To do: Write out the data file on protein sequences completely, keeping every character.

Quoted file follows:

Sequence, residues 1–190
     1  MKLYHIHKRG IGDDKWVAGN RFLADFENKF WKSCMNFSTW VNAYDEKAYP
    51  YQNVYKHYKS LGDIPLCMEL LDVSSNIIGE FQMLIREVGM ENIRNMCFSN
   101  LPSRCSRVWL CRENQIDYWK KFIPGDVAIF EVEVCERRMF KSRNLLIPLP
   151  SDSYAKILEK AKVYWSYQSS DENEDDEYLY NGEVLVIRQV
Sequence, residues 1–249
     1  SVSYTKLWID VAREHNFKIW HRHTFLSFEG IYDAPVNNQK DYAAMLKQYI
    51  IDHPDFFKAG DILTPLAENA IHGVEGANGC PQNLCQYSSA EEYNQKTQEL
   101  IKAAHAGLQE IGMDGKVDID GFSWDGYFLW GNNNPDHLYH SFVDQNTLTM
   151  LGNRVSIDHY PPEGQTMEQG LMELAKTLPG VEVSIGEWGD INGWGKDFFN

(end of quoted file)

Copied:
Sequence, residues 1–190
     1  MKLYHIHKRG IGDDKWVAGN RFLADFENKF WKSCMNFSTW VNAYDEKAYP
    51  YQNVYKHYKS LGDIPLCMEL LDVSSNIIGE FQMLIREVGM ENIRNMCFSN
   101  LPSRCSRVWL CRENQIDYWK KFIPGDVAIF EVEVCERRMF KSRNLLIPLP
   151  SDSYAKILEK AKVYWSYQSS DENEDDEYLY NGEVLVIRQV
Sequence, residues 1–249
     1  SVSYTKLWID VAREHNFKIW HRHTFLSFEG IYDAPVNNQK DYAAMLKQYI
    51  IDHPDFFKAG DILTPLAENA IHGVEGANGC PQNLCQYSSA EEYNQKTQEL
   101  IKAAHAGLQE IGMDGKVDID GFSWDGYFLW GNNNPDHLYH SFVDQNTLTM
   151  LGNRVSIDHY PPEGQTMEQG LMELAKTLPG VEVSIGEWGD INGWGKDFFN